GMP Quality Assurance and Control: The Difference and Importance
Good Manufacturing Practice — GMP — is essential for ensuring that pharmaceutical products are produced according to the standards put in place by the FDA. These GMP standards are designed to help minimize the risk of contamination and harm to consumers. Today, technology has only helped to further improve these standards, with cleanrooms now able to maintain humidity at as close as a plus or minus 1% tolerance. Improvements such as these help ensure products aren’t compromised, both during testing and during storage.
GMP quality assurance encompasses everything from production and facilities, to equipment and personnel training. It is also essential that GMP quality assurance measures are well documented throughout each and every step to ensure that procedures are being followed correctly and that nothing crucial was overlooked that could compromise the integrity of a product.
GMP Quality Assurance and GMP Quality Control
- Quality Assurance: is a facet of Good Manufacturing Practice that encompasses all aspects that impact the overall quality of a product. GMP quality assurance is essential for making sure a final product has the quality expected of it and the quality that is required for it to work as intended.
- Quality Control: this part of Good Manufacturing Practice deals specifically with sampling, testing, and documentation. GMP quality control is used to ensure that all preliminary testing is carried out and that the quality of the final product has been deemed to meet all standards.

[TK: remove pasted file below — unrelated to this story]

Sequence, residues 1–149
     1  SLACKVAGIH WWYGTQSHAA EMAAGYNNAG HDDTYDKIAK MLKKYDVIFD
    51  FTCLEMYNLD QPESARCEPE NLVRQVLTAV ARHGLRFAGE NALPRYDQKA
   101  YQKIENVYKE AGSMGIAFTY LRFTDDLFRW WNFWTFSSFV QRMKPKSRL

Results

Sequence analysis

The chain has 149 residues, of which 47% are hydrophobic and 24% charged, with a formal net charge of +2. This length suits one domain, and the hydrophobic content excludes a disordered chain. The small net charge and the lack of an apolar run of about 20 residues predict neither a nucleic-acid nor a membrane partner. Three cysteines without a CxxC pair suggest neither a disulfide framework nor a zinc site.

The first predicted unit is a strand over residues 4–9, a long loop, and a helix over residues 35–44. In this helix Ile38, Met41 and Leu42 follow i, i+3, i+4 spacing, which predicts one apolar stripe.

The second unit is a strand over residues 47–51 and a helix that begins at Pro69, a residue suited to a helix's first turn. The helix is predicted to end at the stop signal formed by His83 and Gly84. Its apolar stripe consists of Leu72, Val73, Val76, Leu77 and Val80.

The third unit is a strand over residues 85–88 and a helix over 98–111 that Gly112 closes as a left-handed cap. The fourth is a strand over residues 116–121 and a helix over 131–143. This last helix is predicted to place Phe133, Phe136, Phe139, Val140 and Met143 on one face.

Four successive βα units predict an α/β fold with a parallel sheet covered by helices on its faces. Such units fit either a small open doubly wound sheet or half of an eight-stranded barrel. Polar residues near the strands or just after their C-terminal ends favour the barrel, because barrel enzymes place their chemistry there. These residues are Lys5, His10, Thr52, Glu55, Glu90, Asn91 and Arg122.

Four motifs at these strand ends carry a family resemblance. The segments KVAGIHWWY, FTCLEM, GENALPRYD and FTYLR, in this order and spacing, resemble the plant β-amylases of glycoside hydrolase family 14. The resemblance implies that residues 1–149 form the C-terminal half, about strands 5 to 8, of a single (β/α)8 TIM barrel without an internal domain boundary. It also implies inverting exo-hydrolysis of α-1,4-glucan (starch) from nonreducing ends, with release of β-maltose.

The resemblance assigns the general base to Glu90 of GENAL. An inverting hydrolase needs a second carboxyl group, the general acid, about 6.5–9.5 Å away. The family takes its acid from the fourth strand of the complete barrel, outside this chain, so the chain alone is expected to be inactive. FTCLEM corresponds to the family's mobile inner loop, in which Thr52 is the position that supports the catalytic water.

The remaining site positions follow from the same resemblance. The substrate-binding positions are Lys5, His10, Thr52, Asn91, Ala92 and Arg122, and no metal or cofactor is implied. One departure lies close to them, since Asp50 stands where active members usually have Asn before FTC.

The FDA ensures that GMP standards are being met at facilities across the globe. This includes any and all facilities involved in the manufacturing of any included ingredients, as well as those involved with the final product. This means that storage facilities must also meet specific GMP storage conditions to ensure that a product isn’t compromised by temperature or cross-contamination. While FDA inspections are crucial, they also rely on reports from the industries themselves and from the public. The FDA uses this information to determine which facilities need to be investigated. Most facilities inspected by the FDA are found to be in compliance; however, frequent inspectings are still necessary to ensure nothing is overlooked or missed.
A Failure of Compliance
If a facility is found to not be complying with GMP quality assurance, control, or storage standards, the products made there are considered “adulterated”. This means that the product in question isn’t meeting standards, though it does not mean that it is necessarily compromised.
For instance, if someone is currently taking a product that is found to be “adulterated”, the FDA will typically advise that consumers not stop taking it without first consulting their physician, as suddenly stopping could have adverse health effects.
The overall impact of action taken by the FDA in the case of non-compliance will depend on the violations. Only rarely will FDA action result in stopped production or distribution. The exact circumstances will be specific to each instance with health care providers being the best to determine if a product is best for a patient.
Staying Up To Date
The Federal Register, published by the FDA, is the best source for the public to learn about the current standards and any changes that are being made. The FDA’s Website also houses links to current documents so that you can always stay up to date with all GMP standards.